The use of manipulatives in teaching math has a long tradition. Math manipulatives not only allow students to build their own cognitive models for abstract mathematical ideas and processes, but also provide them with a common language with which to communicate these models to the teacher and fellow students. Manipulatives are useful in many ways, and come with several benefits.
1) Math manipulatives engage students, and increase interest in and enjoyment of mathematics as a whole—Students who were given the opportunity to use manipulatives have reported that they were more interested in math.
2) Manipulatives build long-term interest in mathematics, which then translates to increased mathematical ability—They use concrete objects to observe, model, and internalize abstract concepts easily.
3) Manipulatives are a powerful tool for classroom assessment and reduce the achievement gap while raising performance levels—Problem-solving, patience, critical thinking, creativity, concentration, and more are just some of the skills that can be achieved. Students are more capable and competent when they regularly use manipulatives. It’s a chance for them to become independent thinkers.
Dice are a great tool to have on hand for math games and activities. There are many types available today, such as these dice in many colors. There are also different sized dice available, such as these large foam dice. Jumbo dice are great for rolling during a class game or for “flashng” to kids to have them call out the number shown. We suggest putting pairs of dice into small clear containers that students can quickly grab and shake while playing games. My favorite type of dice for teaching addition andplaying games are the dice in dice.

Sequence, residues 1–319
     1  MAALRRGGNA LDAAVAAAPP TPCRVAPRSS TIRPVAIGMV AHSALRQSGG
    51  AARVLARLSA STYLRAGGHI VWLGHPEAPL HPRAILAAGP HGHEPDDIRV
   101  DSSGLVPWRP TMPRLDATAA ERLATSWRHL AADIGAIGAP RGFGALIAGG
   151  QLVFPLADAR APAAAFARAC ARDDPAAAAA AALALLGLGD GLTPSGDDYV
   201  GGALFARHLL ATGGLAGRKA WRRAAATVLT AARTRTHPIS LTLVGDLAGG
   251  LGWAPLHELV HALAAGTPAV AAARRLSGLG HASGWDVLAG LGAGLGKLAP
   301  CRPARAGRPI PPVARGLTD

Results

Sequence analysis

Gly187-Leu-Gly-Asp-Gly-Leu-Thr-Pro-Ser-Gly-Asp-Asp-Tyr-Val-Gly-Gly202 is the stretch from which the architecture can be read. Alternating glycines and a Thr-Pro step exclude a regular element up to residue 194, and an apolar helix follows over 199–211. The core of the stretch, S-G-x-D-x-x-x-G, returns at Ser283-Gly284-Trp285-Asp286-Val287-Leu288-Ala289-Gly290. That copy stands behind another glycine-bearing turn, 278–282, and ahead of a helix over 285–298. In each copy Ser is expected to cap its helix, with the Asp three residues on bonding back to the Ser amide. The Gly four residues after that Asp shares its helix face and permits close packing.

Playing cards make useful math tools because they have numbers on them. They can be used to teach addition and subtraction through games like addition “war” and subtraction “war”. Playing cards are in traditional decks that you can find at most stores or dollar stores. Teachers would benefit from a set of jumbo playing cards to use for lessons and demonstrations as they provide a large visual for kids.
Unifix or Snap Cubes
Unifix cubes are the colored cubes that connect in one way and snap cubes are colored cubes that can connect in different ways. Both can be used in many ways to teach many math concepts, such as patterning, place value, and measurement. Snap cubes are one of the most used math manipulatives. They visually demonstrate many number concepts, such as counting, grouping, adding, and taking away. Children love snapping the cubes together to make number “trains”.
Hundreds charts are important for teaching children to count to 100 in multiple ways. They are visual representations of numbers in order and are filled with patterns that children should be encouraged to find. Hundreds charts are important for whole-class lessons, independent practice, and games. My most used anchor chart on my wall is a hundreds chart, similar to this. We use these durable hundreds boards frequently. I also recommend having a mini hundreds chart visible on student work-spaces. These nameplates also have a ruler, number line, and addition table on them.
Place Value Blocks
Place value blocks are very helpful in teaching counting, number concepts, double-digit addition and subtraction. Place value concepts are more difficult to grasp and using these concrete manipulatives helps build understanding. We suggest have a large bin of of place value blocks similar to those below with enough for each student to represent the numbers you are learning. The magnetic set would be helpful for whole class demonstrations on a whiteboard. If you are teaching PreK or Kindergarten, consider introducing place value during calendar time with this counting pocket chart and straws.